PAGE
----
Oyez as Barry’s bell rings again

Town crier Barry McQueen at home after his heart attack and stroke on holiday in Corfu and (below) in his regalia.
Town crier Barry McQueen at home after his heart attack and stroke on holiday in Corfu and (below) in his regalia.
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HIS smile tells you everything you need to know about what it means to be home.

After a nightmare three weeks recovering from a stroke and heart attack, Blackpool’s town crier Barry McQueen is back in the comfort of his home with his trusty bell in his hand.

Blackpool Town Cryer Barry McQueen

Blackpool Town Cryer Barry McQueen

The popular figure was taken to hospital when he felt unwell during a cruise to Corfu and was forced to spend two weeks receiving treatment abroad before he was allowed to fly back to the UK.

Mr McQueen, 61, of Lawson Road, near Stanley Park, Blackpool, says he cannot wait to get back to work and resume his ceremonial duties now he is home.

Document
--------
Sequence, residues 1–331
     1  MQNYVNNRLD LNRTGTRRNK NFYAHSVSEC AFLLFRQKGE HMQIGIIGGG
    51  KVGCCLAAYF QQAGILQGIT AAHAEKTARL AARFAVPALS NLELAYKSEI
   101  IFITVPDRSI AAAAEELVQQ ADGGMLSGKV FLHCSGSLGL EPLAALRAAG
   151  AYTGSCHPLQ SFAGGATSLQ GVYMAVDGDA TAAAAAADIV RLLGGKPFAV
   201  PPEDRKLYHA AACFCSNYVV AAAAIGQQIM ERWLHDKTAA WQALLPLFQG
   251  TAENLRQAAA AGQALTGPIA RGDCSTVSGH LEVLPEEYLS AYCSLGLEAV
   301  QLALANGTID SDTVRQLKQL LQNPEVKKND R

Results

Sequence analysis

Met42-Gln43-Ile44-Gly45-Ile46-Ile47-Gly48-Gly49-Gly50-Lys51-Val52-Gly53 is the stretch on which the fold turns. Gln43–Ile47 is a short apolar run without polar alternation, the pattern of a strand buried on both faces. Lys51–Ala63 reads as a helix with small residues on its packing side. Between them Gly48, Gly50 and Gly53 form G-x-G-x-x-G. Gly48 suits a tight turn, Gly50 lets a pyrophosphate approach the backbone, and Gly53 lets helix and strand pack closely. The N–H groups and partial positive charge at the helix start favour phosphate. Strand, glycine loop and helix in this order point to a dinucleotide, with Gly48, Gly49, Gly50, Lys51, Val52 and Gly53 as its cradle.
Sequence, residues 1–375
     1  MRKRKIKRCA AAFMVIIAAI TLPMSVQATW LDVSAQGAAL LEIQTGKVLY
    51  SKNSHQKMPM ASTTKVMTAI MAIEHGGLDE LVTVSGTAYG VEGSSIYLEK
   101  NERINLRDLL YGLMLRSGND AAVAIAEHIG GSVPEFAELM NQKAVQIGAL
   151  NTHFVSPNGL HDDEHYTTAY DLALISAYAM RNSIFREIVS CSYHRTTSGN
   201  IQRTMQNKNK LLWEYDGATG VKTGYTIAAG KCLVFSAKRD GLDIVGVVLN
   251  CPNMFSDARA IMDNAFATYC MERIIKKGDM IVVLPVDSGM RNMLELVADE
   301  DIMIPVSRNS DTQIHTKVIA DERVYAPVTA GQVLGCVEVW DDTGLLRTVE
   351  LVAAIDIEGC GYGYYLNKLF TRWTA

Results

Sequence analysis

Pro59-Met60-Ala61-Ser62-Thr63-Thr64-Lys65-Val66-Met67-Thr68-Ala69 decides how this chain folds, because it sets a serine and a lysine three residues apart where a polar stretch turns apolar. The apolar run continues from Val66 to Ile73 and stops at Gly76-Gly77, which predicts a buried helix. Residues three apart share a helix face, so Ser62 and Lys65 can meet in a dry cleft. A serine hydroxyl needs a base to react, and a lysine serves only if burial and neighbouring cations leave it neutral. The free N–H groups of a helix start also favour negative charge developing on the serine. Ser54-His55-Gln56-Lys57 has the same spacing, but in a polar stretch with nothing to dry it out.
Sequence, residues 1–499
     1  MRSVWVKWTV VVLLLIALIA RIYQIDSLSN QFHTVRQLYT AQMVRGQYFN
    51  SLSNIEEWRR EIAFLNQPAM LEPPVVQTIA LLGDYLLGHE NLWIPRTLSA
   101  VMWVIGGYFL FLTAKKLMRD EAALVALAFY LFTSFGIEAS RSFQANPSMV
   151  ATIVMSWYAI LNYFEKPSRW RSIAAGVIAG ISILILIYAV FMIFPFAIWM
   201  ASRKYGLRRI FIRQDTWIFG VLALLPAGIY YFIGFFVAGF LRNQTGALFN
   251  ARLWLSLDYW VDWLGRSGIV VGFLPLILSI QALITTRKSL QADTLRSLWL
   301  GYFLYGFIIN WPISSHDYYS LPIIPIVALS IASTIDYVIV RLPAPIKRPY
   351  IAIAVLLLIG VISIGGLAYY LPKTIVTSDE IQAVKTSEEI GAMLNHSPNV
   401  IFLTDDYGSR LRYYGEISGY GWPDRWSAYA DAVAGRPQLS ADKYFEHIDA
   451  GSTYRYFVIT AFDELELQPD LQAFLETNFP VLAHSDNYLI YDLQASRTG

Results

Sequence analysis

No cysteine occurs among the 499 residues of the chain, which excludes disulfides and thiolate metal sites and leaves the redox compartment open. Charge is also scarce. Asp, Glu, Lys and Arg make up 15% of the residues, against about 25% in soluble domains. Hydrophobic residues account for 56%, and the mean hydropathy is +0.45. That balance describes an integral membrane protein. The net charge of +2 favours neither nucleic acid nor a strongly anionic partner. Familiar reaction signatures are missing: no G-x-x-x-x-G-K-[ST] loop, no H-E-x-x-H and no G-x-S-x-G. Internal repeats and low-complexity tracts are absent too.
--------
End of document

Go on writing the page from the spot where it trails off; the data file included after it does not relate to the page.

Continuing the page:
He told The Gazette: “It’s the first time I’ve been home in three weeks and it’s lovely.

“There’s nothing like coming home.

“When this happened three weeks ago I couldn’t eat or dress myself but I think I’m doing OK.

“I’ve been out a few times since I got back and I’ve managed to walk with a stick instead of a walking frame.”

The town crier had to endure a 14-hour flight home on three aeroplanes from the Greek island when doctors finally decided he was stable enough to travel.

Once he arrived at Manchester Airport he was taken to Blackpool Victoria Hospital by ambulance.

He spent five days in the stroke ward before being allowed to go home.

But despite leaving the hospital, he must return for treatment every day over the next three weeks.

He added: “I’ll need three weeks off work then we’ll take it from there.

“I’ve had a lot of support from people ringing me up and my friends have been great.

“I’ve never felt like this before but I’m managing to get out and see a few people.”

Jeff Meadows, former Chief Supt at Lancashire Police and a neighbour of Mr McQueen’s, said his friend was making progress in his recovery.

He said: “When I first spoke to him he sounded very weak and wasn’t his normal buoyant self but he’s now in good spirits.”

Click here to read how The Gazette broke Barry’s story: Stroke ordeal for town crier